We Can’t Solve All The Problems

By Tracy MacDonald
Jan 2021

Problem solvers and solution finders unite!

Now, step back, take a breath, and pause. Your future self, your team and your employees will thank you later.

Being a problem solver and solution oriented person is a great quality and inherent among leaders. The challenge is that if you’re solving all the problems, then you may be on the road to burn out, depriving yourself of the time to focus on strategy and future goals, and preventing your colleagues from having the opportunity to embark on their own problem solving missions. It can be difficult to give up the problem solving behavior, but there are advantages to you as well as to your team if you do.

The reality is that leaders, by the nature of their roles, are spending more time problem solving and less time strategizing. The irony here is that these leaders likely ended up in these positions as the result of a previous successful strategy and implementation cycle. And let’s face it, solving problems feels good. It gives us a sense of accomplishment and helping others can make our jobs as leaders meaningful. But it can get tiresome and become an intensive part of the day when time for planning for the future and strategizing is needed in order to move the business forward. This is what can lead to burn out- the feeling that each day is spent reacting to the needs of others. In the longer term, there is also the possibility of work becoming meaningless if we don’t feel we are contributing in a way that makes us feel fulfilled and meets our goals, not just the needs of others.

However, one may raise the very valid point of: if my team is coming to me to ask for help, it’s my job to help. To that, we say absolutely, but helping doesn’t mean doing. And not helping doesn’t mean ignoring the request, but it does mean guiding others in a productive way. It means empowering people to take their own leap of faith and try something new, and then return to you for further guidance where needed. It means giving people the opportunity to try, succeed or fail, and learn. These learning opportunities are crucial for personal and professional growth.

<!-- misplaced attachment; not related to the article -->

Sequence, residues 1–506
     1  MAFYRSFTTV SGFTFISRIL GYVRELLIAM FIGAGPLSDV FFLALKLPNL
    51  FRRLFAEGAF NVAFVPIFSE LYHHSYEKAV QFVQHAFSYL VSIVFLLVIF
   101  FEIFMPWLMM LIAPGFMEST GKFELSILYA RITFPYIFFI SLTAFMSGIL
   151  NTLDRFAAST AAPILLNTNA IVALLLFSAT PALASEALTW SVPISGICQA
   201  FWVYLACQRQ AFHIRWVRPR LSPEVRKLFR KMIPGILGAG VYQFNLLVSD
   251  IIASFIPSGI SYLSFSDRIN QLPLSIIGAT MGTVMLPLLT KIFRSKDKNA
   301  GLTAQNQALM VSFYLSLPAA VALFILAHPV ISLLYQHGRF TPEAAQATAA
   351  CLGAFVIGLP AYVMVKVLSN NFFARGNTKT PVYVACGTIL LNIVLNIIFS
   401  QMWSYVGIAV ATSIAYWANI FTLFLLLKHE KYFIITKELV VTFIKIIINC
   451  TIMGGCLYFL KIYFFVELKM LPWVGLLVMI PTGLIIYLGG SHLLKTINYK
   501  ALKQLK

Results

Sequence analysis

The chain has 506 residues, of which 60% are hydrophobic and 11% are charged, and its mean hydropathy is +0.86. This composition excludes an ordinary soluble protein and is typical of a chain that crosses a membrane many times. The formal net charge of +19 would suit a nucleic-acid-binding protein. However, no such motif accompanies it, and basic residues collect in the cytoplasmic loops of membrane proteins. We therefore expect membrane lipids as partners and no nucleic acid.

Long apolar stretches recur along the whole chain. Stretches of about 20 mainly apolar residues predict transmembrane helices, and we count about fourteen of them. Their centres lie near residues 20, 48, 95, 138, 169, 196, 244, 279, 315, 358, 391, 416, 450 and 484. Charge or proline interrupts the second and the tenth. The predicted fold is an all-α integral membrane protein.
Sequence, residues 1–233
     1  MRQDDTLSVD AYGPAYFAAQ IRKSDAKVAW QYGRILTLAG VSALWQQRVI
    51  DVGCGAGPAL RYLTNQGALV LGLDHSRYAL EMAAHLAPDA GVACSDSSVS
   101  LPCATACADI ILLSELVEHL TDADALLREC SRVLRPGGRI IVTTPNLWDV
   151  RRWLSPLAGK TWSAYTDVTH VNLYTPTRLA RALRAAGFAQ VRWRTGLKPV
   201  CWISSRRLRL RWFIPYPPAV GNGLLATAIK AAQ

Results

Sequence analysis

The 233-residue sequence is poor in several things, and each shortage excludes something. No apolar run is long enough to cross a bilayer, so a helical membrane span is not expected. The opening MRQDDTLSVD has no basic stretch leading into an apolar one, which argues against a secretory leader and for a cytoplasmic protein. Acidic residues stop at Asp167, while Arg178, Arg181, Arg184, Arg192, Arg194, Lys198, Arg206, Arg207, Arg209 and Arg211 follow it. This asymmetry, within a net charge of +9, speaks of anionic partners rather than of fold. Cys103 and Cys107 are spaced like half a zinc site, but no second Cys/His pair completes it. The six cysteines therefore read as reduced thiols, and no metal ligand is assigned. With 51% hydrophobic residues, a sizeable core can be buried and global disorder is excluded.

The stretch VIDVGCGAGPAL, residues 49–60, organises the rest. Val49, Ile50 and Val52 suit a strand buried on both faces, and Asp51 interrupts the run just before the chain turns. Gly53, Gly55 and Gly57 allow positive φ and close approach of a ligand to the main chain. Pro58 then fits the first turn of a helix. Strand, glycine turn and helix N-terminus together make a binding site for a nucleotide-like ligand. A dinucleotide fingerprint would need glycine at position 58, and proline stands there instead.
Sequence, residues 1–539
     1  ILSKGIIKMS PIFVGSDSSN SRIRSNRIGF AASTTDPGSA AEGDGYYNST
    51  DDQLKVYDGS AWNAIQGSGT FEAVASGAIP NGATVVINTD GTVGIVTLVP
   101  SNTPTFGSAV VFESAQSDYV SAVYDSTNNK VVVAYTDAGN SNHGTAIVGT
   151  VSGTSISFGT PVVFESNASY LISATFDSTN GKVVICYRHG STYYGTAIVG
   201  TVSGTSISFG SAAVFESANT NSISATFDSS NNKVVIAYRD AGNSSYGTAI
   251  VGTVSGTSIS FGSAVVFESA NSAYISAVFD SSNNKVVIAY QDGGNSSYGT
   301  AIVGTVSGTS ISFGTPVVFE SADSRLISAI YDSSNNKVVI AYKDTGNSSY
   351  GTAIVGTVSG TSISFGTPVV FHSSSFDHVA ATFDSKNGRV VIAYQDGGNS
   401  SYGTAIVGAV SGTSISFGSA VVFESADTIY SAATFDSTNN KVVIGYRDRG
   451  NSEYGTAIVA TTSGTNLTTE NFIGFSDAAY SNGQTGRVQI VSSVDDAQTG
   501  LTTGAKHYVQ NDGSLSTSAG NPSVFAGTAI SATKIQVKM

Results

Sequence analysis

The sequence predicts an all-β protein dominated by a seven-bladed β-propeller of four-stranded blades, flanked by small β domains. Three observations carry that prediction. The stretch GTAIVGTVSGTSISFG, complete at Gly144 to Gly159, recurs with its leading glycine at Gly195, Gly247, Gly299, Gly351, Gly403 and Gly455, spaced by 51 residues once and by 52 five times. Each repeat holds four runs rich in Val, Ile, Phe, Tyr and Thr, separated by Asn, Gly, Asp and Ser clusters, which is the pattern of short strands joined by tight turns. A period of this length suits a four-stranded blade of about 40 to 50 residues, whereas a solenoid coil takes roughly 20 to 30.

In its simplest form, problem solving is a lot like ideation- there is a path to the solution which may not be straight, may require some back-tracking, could benefit from input from others, or requires a completely different perspective. In addition to the path of problem solving is also the lessons learned from success or failure of the solutions. Encouraging, allowing and supporting others to solve their own problems contributes to empowerment and self confidence among employees and ultimately the opportunity for new and future leaders to emerge. As leaders, this is our role, to cultivate the next generation of leaders so that we can also grow and explore other opportunities.

So the next time there is a challenge or an opportunity that you would normally take over and solve, try opening up the communication and giving others a chance to do what you normally would. Keep in mind deadlines, guidance, parameters and goals for solving the problems and share those with the brave colleagues who are ready for this challenge. In the end, there may be a solution you hadn’t thought of or an opportunity for collaboration that hadn’t existed before.

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